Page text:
In summary, we have completed the synthesis of what we believed was the actual structure of lyngbouilloside aglycon. Unfortunately, after careful analysis of the spectroscopic data of our final product with the ones reported for lyngbouilloside, some discrepancies still remained. This observation combined with the recent syntheses of lyngbyaloside B and C by Fuwa (Fuwa et al., 2016) and Taylor (Chang et al., 2015), suggest not only a stereochemical reassignment for C11, but also for C10 and C13. Nonetheless, our strategy featuring a ring-closing metathesis (RCM) to form the 14-membered ring macrolactone, a late stage side chain introduction via a Wittig olefination and a glycosylation to introduce the rhamnose should allow to complete the synthesis of lyngbouilloside and irrevocably confirm its structure.

Author Contributions

SA and JC conceived the project and designed the research. AK, JG, AE, and RL carried out the experimental work. CP and EB were in charge of the preparative HPLC separations. SA and JG wrote the manuscript. All authors commented on the manuscript.

Conflict of Interest Statement

The authors declare that the research was conducted in the absence of any commercial or financial relationships that could be construed as a potential conflict of interest.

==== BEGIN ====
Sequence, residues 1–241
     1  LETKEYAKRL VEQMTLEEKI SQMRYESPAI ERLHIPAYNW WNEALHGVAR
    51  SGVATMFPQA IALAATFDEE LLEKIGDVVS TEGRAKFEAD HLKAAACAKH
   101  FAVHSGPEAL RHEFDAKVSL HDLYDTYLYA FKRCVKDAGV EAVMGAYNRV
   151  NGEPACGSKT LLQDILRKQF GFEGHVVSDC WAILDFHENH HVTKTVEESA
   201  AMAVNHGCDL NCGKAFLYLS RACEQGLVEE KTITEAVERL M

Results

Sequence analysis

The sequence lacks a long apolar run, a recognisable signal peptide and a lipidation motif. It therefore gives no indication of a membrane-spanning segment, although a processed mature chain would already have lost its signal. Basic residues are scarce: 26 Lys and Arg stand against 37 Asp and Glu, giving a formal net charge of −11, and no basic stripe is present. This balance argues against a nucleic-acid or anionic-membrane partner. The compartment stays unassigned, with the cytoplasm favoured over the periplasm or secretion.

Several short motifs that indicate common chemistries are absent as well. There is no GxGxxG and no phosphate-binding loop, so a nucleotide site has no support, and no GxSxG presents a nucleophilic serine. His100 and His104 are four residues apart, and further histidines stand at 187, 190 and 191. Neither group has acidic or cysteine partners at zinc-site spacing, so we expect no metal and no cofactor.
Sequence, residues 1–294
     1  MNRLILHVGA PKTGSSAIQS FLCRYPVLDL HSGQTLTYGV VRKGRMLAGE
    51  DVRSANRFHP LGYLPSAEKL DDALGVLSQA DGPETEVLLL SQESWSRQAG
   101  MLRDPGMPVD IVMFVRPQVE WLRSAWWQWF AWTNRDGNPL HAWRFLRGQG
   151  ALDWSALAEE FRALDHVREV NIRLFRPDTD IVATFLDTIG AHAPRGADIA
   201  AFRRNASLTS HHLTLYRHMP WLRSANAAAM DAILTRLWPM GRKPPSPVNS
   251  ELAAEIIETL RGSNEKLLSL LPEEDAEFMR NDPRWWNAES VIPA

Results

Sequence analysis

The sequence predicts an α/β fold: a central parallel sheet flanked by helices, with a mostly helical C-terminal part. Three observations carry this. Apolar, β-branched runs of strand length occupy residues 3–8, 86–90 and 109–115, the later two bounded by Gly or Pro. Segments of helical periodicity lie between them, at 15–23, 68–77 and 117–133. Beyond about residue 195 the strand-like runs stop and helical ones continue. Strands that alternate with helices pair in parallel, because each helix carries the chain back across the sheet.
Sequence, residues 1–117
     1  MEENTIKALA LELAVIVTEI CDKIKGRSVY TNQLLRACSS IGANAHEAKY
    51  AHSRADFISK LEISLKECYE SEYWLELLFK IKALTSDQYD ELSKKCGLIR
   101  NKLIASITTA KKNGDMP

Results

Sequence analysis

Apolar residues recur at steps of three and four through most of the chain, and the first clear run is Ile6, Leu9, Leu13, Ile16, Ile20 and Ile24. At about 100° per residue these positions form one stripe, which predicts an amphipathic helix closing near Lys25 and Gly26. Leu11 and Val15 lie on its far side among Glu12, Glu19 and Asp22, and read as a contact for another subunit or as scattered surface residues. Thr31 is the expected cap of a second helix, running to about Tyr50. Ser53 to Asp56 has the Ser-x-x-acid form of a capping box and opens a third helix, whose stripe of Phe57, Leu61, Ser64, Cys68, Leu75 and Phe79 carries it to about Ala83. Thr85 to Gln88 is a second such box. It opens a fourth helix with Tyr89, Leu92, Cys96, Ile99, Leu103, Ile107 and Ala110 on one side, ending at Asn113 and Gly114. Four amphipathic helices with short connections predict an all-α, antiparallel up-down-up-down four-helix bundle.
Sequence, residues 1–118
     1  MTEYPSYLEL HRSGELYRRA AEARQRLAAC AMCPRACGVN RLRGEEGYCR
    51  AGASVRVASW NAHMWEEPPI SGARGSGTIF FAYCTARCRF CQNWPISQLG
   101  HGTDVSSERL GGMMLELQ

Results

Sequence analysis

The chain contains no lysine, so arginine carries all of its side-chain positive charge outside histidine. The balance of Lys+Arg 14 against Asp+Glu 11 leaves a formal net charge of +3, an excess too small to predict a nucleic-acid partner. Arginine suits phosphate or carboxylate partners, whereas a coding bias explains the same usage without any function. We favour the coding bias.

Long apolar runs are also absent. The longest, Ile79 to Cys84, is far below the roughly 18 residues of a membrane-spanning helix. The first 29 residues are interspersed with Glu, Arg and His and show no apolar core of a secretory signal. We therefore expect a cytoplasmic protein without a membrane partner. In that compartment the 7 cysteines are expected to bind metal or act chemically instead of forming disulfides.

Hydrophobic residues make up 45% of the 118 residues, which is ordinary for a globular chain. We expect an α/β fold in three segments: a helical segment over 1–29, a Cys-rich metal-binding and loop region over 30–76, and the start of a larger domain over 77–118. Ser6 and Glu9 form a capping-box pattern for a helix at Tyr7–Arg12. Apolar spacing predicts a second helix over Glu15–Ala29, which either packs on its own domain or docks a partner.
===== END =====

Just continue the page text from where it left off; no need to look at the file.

The reviewer ZX and handling Editor declared their shared affiliation, and the handling Editor states that the process nevertheless met the standards of a fair and objective review.


We would like to thank Generalitat de Catalunya for financial support to AE.

Supplementary Material

The Supplementary Material for this article can be found online at:


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Keywords: lyngbouilloside, total synthesis, Lyngbya bouillonii, Boeckman esterification, Mukaiyama aldol, asymmetric Sharpless dihydroxylation, ring-closing metathesis

Citation: Kolleth A, Gebauer J, ElMarrouni A, Lebeuf R, Prévost C, Brohan E, Arseniyadis S and Cossy J (2016) Total Synthesis of Putative 11-epi-Lyngbouilloside Aglycon. Front. Chem. 4:34. doi: 10.3389/fchem.2016.00034

Received: 27 May 2016; Accepted: 15 July 2016;
Published: 09 August 2016.

Edited by:

Tao Ye, Peking University, China

Reviewed by:

Haruhiko Fuwa, Tohoku University, Japan
Zhengshuang Xu, Peking University, China

Copyright © 2016 Kolleth, Gebauer, ElMarrouni, Lebeuf, Prévost, Brohan, Arseniyadis and Cossy. This is an open-access article distributed under the terms of the Creative Commons Attribution License (CC BY). The use, distribution or reproduction in other forums is permitted, provided the original author(s) or licensor are credited and that the original publication in this journal is cited, in accordance with accepted academic practice. No use, distribution or reproduction is permitted which does not comply with these terms.

*Correspondence: Stellios Arseniyadis,
Janine Cossy,

Present Address: Stellios Arseniyadis, School of Biological and Chemical Sciences, Queen Mary University of London, London, UK